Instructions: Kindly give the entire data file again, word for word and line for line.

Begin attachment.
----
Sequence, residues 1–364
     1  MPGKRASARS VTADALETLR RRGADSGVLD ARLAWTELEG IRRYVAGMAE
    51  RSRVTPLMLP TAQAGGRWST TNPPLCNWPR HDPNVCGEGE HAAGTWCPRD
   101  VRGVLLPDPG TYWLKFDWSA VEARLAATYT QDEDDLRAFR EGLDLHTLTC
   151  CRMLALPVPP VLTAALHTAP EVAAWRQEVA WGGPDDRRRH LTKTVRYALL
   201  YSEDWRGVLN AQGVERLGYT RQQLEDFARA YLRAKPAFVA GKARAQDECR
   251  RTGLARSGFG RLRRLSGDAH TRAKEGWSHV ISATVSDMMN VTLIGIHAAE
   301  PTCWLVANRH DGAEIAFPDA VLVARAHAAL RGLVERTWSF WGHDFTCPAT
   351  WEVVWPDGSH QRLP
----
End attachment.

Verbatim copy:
Sequence, residues 1–364
     1  MPGKRASARS VTADALETLR RRGADSGVLD ARLAWTELEG IRRYVAGMAE
    51  RSRVTPLMLP TAQAGGRWST TNPPLCNWPR HDPNVCGEGE HAAGTWCPRD
   101  VRGVLLPDPG TYWLKFDWSA VEARLAATYT QDEDDLRAFR EGLDLHTLTC
   151  CRMLALPVPP VLTAALHTAP EVAAWRQEVA WGGPDDRRRH LTKTVRYALL
   201  YSEDWRGVLN AQGVERLGYT RQQLEDFARA YLRAKPAFVA GKARAQDECR
   251  RTGLARSGFG RLRRLSGDAH TRAKEGWSHV ISATVSDMMN VTLIGIHAAE
   301  PTCWLVANRH DGAEIAFPDA VLVARAHAAL RGLVERTWSF WGHDFTCPAT
   351  WEVVWPDGSH QRLP